Note: this is part of a series about America’s first counterterrorism unit. You can read part one here. After staking out the house located at 7700 16th Street, Washington D.C., seven black men made two phone calls to the house from their motel. In the first call, one of the men pretended to be a handyman looking for work. The residents of the house said he should come by around noon to fix the lock on their basement door. Soon after, the men called the house again, this time pretending to be interested in literature for sale by the occupant’s organization. He was told that he could swing by later in the day to purchase some pamphlets (King, 18).

The seven men then drove to the train station to pick up an eighth member of their team. Piling into two Cadillacs, they then drove to the house at 7700 16th street to commit the greatest mass murder in Washington, D.C. history. First, two of the seven men approached the front door asking about the pamphlets. One of the residents answered the door, then asked them to wait while she retrieved them. When she came back, a third man was present, claiming to be the handyman. All three men pushed her aside, and entered the premises, pulling out pistols and sawed off shotguns. The other five associates emerged from the Cadillacs and entered the house behind them (King, 19).

The men burst into the kitchen, waving their weapons around. A young woman feeding her 18-month-old daughter her lunch screamed. “One of the men yelled at her to shut up, then he yanked her daughter from her arms, taking her out of the kitchen” (King, 19) and bringing her upstairs. The seven intruders were upset because the target of their attack was not at home.

“Why are you all doing this to us? What did we do to you?” one of the women asked. “Ask your leader,” one of the gunmen replied. “He knew we would come calling on him; ask him about that letter” (King, 20).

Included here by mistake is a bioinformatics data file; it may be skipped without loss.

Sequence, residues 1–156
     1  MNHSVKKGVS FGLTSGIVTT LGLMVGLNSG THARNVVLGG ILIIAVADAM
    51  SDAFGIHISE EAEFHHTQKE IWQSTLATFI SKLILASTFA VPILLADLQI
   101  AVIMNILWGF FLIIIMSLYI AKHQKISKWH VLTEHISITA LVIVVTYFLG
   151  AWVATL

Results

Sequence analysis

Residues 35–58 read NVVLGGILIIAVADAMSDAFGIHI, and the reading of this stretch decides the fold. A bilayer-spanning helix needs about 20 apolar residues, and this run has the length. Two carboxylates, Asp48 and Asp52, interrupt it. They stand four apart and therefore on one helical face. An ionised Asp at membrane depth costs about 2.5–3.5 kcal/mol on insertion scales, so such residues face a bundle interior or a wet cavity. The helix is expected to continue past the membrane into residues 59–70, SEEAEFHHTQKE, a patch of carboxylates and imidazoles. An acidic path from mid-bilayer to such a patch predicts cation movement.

The gunman upstairs heard other children crying and calling for their mommy. He found them in their room. In addition to the 18-month-old girl, there were her cousins, a one-year-old girl, and her three-year-old brother. A nine-day-old infant also lay in a bed wrapped in a blanket. Hearing cries from the other room, the gunman searched the closet and discovered an 11-year-old boy.

Meanwhile, the four adults in the household, two men and two women, were taken down to the basement, laid on the floor, and executed. The gunman upstairs became irritated as the children cried louder with the gunshots sounding from below. Removing the infant from the bed, he disappeared into the bathroom (King, 21). One by one, he came back and retrieved each of the children, and took them to the bathroom until they stopped crying.

On the ground floor, the house patriarch, Khaliffa Hamaas Abdul Khaalis, and his wife returned home. There was a brief altercation at the door. Khaalis had his wife run next door to a neighbor to phone the police. When the intruders realized what was happening, they bolted out the back door. Khaalis ran after them for half a mile until they fired a shot at him. Unarmed, and realizing that these men had been ransacking his home with his family inside, he quickly ran back.

When he got back to the house, the police had arrived and began searching the house. The basement was covered in blood, the two men dead. By some miracle, the women were unconscious but alive. Radioing for an ambulance, one of the policemen searched the second floor with his pistol drawn. In the bathroom, he found three children floating in the bathtub and the infant floating belly-up in the sink. In one of the bedroom closets, they discovered the body of an 11-year-old boy, murdered with a gunshot to the head (King, 24).